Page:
On the Thrundale train Sophia shoved earbuds into her ears. She closed her eyes and tapped her little finger against the window in time with the double bass drum. As the train rushed forward she felt as though drawn through water like a fish with a hook in its mouth.
The sugar mill looked much smaller than the last time she was here. She found Włodzimierz sitting upstairs on an old metal chair, watching the rusty chain pulleys like he was waiting for something. The setting sun blasted through a broken window as Sophia came in and she stood backlit, silently presented him with a black coffee and three jelly doughnuts.
Okay, thank you, thank you, he said. God bless you. You know, my daughter used to bring me jelly doughnuts just like this.
I know. Sofia placed her hand on his shoulder. It’s me, Dad. He turned his head and stared past her. I’m back. Read More
Honestly I have zero memory of going back to Ronnie’s walk-in freezer last night. But it’s weird- I’m the only one who has the key. It’s like when you’re taking a shower and you can’t remember if you put conditioner in your hair or not. You literally can’t remember and you have to look at the conditioner bottle for a sign you opened it. Did I have reason to freeze Ronnie to death? Well, he once yelled at this little old lady. She was like asking to use the bathroom and he said, No! It’s out of service! Or something like that.
But Marcus never comes out to Ronnie’s to hang out. How would I have got him into the freezer and left him there until his blood literally froze to ice? I have no idea. But what I’m telling you is, I HAD THE ONLY KEY! So who else could it have been? The key is right here tied to my wrist with a string. Because I lose things. We used to have another one but it like broke off or something and now I have the only one. Read More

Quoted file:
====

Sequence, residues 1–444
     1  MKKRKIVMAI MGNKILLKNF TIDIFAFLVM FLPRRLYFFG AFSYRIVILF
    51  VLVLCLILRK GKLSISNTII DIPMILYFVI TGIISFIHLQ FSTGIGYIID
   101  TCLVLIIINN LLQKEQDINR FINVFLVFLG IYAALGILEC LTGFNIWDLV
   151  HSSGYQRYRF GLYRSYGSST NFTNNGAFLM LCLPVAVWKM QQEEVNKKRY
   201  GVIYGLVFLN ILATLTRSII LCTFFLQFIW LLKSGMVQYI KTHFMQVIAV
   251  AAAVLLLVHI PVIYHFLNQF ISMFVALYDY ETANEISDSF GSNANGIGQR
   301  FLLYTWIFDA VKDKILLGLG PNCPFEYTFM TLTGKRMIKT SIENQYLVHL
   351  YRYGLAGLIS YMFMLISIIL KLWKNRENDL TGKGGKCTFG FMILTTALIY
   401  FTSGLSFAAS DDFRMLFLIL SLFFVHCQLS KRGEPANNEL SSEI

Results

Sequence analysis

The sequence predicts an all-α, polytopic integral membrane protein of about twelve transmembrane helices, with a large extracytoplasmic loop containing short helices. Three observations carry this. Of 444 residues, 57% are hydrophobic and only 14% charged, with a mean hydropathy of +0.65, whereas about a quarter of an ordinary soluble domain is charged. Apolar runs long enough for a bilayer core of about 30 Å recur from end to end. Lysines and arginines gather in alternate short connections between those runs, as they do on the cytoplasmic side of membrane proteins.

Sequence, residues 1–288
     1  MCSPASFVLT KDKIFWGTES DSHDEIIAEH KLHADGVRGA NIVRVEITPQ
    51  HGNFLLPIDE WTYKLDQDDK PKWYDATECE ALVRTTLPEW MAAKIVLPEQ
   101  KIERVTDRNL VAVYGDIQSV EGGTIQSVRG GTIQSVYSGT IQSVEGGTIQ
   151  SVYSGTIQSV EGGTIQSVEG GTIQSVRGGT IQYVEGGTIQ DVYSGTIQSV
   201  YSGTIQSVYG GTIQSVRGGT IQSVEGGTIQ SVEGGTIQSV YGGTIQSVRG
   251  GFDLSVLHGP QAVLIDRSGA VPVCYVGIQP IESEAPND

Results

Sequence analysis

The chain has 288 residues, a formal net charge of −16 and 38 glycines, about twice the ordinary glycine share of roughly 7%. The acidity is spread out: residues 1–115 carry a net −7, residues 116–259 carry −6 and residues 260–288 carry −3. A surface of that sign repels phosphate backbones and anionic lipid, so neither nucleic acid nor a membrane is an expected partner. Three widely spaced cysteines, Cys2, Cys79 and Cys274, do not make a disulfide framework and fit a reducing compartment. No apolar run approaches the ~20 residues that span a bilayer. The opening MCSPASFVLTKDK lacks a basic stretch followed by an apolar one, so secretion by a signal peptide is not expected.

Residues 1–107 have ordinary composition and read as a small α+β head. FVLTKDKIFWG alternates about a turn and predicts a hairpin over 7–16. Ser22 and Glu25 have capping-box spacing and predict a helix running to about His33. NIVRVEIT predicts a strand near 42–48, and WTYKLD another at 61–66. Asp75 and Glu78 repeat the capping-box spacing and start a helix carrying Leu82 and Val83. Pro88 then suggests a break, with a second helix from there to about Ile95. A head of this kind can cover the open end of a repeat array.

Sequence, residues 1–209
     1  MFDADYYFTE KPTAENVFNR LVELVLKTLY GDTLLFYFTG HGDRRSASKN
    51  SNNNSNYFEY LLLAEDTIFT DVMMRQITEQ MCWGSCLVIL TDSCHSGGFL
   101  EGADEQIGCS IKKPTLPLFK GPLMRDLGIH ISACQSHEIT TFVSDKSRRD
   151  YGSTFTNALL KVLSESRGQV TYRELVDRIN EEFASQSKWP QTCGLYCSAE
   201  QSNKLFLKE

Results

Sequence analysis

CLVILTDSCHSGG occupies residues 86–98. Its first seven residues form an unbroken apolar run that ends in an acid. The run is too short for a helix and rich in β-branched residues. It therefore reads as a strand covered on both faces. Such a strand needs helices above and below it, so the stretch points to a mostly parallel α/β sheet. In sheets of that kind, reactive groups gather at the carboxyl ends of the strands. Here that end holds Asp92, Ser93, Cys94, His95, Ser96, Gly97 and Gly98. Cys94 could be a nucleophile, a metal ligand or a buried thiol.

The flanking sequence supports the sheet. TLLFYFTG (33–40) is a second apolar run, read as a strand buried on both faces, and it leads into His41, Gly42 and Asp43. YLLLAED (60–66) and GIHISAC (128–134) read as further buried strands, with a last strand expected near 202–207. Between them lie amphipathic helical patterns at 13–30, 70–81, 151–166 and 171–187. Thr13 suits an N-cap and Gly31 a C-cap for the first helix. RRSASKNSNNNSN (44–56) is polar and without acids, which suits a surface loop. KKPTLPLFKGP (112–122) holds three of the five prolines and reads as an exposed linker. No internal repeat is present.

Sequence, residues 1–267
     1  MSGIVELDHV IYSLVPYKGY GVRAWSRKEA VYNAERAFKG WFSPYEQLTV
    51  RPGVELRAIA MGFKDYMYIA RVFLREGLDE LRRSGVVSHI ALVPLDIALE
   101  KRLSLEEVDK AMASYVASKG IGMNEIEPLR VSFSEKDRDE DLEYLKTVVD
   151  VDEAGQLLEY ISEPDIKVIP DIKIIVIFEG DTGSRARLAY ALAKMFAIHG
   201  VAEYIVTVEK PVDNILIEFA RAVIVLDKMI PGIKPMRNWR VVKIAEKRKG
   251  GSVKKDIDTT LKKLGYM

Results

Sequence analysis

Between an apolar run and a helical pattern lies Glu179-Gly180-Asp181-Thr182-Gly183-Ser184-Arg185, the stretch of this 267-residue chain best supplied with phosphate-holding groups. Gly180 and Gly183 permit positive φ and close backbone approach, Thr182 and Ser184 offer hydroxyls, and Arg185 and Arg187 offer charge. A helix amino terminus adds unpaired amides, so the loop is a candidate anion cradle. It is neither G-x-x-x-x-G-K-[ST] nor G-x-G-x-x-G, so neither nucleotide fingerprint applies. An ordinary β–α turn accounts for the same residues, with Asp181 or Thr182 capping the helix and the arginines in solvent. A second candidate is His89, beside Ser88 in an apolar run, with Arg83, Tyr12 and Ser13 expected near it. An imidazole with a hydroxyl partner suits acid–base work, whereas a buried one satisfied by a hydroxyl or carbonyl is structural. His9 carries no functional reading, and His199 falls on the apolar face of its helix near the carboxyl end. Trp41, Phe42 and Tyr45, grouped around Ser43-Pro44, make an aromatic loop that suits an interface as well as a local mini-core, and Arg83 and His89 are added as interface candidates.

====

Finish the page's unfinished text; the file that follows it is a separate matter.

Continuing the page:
The book had a large hole burned right through it. It was still smoking and smelled of sulfur. Who did this? Marlus said. The concierge examined the burned pages. He tried to make sense of the destroyed cover. What did you write this one about?
What does that have to do with it?
Maybe everything, said the concierge. Maybe nothing. Was it a romance? True crime? An exposé?
Marlus glared. I don’t write exposés! It was about Agnes, a female deep sea diver from the 16th century. When she submerged she went down in a glass diving bell.
I don’t get it. A glass what? the concierge stared at Marlus.
You have to read it! There’s a scene where she makes love one hundred meters deep. But in the end I have the lovers drown inside what looks like a giant, overturned wine glass.